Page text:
Tag Archive | finding time to exercise

Going the Distance

Looking across the Gettysburg Battlefield, on the Spirit of Gettysburg 5K race course

Looking across the Gettysburg Battlefield, on the Spirit of Gettysburg 5K race course

By Karen Hendricks

I crossed something off my bucket list last week… it was something I honestly never thought I’d accomplish especially given my age. Not that I’m over the hill, but getting back into RUNNING at the age of 44 while juggling a family and career isn’t something that naturally fits right into an already-packed, super-busy schedule.

However… Last week I ran my first ever 5K. Can I just take a minute to say “I did it!” 🙂

I have always wanted to run a 5K, planned on doing them in my teens when I ran high school track. But when I was 16, I fell down a flight of stairs and cracked one of my kneecaps. Thus ended my running days. Until recently.

I tried to get back into running several times in the 20s but the twinges in my knee came back every time. Then came career, kids, and no spare time to even consider thinking about running. But for the past several years, taking a mixture of pilates, yoga and ballet classes, plus staying active with walking and biking, I honestly feel stronger and healthier now than ever before. So, keeping my fingers crossed, I slowly got back into running over the past year. It felt great to run intervals, interspersed with periods of walking, as I totaled 3-5 miles. Finding the time isn’t as much as a challenge now that my kids are a bit older (in their teens). One of the easiest ways for me to work walking and running into my schedule is to do it while my daughter has soccer practice at a park. But my favorite time of day is first thing in the morning—what a great start to the day. And the kids are certainly capable of getting their own breakfasts if I’m gone for a little while!

So I was feeling good, pretty happy to have “running” back in my life, but a 5K really wasn’t on my radar screen. Like most things in life, it isn’t until something is staring me in the face, that I think it might be a good idea!

My daughter Kelly is extremely athletic and runs a local 5K every year, either winning or placing in her teenage age group. This year she was signed up and ready to run, but about two weeks beforehand, she sprained her foot. A week before the race, it was obvious that her foot wasn’t going to allow her to run as usual. So, in a light bulb kind of moment, I decided I should change her registration to my name (and my age category!) and run the race instead. I’d always wanted to run a 5K, right? No time like the present. Like Nike says, “Just do it.” Did I mention, it was one week before the race?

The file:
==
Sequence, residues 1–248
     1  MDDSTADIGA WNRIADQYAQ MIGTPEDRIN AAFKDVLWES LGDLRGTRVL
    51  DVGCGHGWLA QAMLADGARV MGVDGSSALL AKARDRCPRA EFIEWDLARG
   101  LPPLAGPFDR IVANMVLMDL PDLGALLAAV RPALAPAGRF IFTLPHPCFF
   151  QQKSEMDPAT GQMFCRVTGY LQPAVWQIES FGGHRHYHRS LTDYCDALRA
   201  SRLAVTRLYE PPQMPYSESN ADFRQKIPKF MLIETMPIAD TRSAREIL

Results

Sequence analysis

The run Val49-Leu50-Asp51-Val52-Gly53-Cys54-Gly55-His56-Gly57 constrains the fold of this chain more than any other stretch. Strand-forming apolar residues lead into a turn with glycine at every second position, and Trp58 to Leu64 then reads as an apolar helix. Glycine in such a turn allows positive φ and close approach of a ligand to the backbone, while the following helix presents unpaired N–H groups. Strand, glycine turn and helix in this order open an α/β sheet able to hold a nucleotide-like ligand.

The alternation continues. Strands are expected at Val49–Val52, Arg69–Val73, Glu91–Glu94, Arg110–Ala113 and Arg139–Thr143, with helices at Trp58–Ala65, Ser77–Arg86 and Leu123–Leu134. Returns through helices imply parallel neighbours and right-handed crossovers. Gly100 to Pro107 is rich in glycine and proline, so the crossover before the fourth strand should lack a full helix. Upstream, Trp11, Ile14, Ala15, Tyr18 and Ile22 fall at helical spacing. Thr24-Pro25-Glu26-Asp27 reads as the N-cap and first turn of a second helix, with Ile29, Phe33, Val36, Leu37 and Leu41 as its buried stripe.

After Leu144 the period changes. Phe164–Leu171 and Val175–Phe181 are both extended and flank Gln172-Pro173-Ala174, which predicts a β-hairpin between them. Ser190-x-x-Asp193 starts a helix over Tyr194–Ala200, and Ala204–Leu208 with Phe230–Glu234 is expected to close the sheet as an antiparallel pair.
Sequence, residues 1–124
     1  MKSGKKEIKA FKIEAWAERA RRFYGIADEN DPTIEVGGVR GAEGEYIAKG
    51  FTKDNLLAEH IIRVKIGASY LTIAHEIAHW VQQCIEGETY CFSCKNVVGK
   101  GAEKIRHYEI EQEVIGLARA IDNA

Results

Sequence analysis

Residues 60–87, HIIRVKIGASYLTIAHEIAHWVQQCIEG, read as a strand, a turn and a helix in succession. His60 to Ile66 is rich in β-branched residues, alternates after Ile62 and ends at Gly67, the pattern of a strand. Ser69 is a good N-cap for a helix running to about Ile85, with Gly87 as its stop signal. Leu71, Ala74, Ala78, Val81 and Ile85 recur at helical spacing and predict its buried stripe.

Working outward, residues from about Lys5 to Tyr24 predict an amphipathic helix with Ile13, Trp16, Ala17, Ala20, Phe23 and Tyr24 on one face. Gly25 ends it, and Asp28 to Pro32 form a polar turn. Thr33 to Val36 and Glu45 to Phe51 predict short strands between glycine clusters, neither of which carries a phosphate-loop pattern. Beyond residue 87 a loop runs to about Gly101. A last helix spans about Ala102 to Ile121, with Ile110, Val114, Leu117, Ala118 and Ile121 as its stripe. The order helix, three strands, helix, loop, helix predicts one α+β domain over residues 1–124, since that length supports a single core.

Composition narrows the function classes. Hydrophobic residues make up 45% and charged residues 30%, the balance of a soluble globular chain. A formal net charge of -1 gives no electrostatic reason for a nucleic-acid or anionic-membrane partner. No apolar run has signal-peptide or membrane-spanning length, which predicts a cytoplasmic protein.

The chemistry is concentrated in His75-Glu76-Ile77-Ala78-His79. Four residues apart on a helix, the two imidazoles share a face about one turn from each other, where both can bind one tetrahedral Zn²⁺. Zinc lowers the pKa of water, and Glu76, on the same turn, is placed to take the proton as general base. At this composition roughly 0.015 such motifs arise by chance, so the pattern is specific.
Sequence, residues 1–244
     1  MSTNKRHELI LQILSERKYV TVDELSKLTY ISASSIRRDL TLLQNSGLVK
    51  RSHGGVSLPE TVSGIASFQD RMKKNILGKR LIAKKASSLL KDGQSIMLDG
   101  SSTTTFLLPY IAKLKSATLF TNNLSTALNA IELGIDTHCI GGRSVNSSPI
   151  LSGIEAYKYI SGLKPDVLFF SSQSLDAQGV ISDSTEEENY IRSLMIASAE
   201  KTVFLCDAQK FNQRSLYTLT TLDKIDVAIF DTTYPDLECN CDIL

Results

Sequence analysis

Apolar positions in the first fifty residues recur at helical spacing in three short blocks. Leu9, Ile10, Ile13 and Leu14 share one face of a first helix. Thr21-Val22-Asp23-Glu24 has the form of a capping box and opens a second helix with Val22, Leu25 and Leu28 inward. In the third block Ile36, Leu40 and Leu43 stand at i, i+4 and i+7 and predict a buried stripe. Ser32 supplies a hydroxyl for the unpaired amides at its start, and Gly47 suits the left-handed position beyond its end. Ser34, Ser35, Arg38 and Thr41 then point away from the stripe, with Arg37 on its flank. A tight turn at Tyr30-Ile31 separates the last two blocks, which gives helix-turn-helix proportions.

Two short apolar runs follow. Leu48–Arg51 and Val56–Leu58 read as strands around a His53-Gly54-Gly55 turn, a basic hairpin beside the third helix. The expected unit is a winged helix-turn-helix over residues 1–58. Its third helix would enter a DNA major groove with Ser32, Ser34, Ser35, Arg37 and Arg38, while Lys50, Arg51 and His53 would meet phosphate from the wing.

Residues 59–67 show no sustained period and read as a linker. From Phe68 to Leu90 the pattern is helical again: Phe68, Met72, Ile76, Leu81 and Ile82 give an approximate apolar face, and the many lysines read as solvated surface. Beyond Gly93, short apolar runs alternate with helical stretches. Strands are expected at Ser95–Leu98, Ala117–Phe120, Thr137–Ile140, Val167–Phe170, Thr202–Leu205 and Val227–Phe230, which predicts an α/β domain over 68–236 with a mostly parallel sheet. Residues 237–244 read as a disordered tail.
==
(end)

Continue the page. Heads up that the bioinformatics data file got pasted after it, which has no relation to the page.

My family’s reactions varied… my husband was supportive but concerned I was going to hurt myself. My daughter Katie was excited and volunteered to take photos to document my journey over the finish line. My daughter Kelly laughed, but then offered her runner’s insights throughout the week, as she explained how to tackle certain sections and hills on the race course. My son Kyle was pretty flabbergasted about the idea that his Mom might actually be able to run a 5K.

The gorgeous setting of the Spirit of Gettysburg 5K

The gorgeous setting of the Spirit of Gettysburg 5K

Every other day leading up to the race, I ran three miles and surprisingly, my times weren’t terrible. I wouldn’t embarrass myself too badly. No pain in the knee either. I continued my ballet workouts on alternating days, taking extra time to stretch, although I honestly didn’t have muscle cramps or pains. I rested completely the day before the race.

I figured I couldn’t back out, if I told people publicly about my plans. So the day before the 5K, after I picked up my runner’s packet and bib number, I posted my picture and the following message on Facebook:

5K

I was completely blown away by all the Facebook love that followed… words of encouragement, support and well wishes. It was awesome! The positive power of social media at work.

Then came race day. The forecast was ideal—cool morning temperatures with partly cloudy skies (no bright sunshine). However, upon waking up that morning… rain. Oh joy.

I convinced myself that I would run, rain or shine. But thankfully, about 10-15 minutes before the 8 am start, the rain stopped. What an adrenalin rush, to be part of a crowd of runners, 700 strong, at the starting line. To hear the sound of that many footsteps, along with cheers from the crowd of families and friends lining the course… it was music to my ears.

Here I go...

Here I go…

Several things helped to pull me along as I ran: first, the beautiful course which winds its way across the historic Gettysburg Battlefield; thoughts of my supportive family and friends—especially all those encouraging Facebook messages; but perhaps most of all, it was a drive within myself. Once you’re a mom and have survived those “marathon” days when your children are sick or going through difficult situations, I think there is absolutely nothing else on this earth that you cannot accomplish. There is nothing as challenging, trying and rewarding as being a mom. Running? I got this. Physically and mentally.

Crossing the finish line! Woohoo!

Crossing the finish line! Woohoo!

While my time didn’t win any awards, I felt as though I had a gold medal around my neck as I crossed the finish line. There were four times on the course when killer hills forced me to walk—I allowed myself no more than 100 steps at a time. I finished as runner #531 out of about 700, and I was 35th in my age group. My final time was 34:22… right in my target zone between 33 and 35 minutes. It meant a lot to have one of my best friends, fellow OTMGR blogger Mary Ann, at the finish line with my family as well!

And now I have a new goal… to keep working and improve upon my time for next year. Yes, I think I’ll be back! And now that I’ve said that publically… I have to do it!

After the race: Still smiling!

After the race: Still smiling!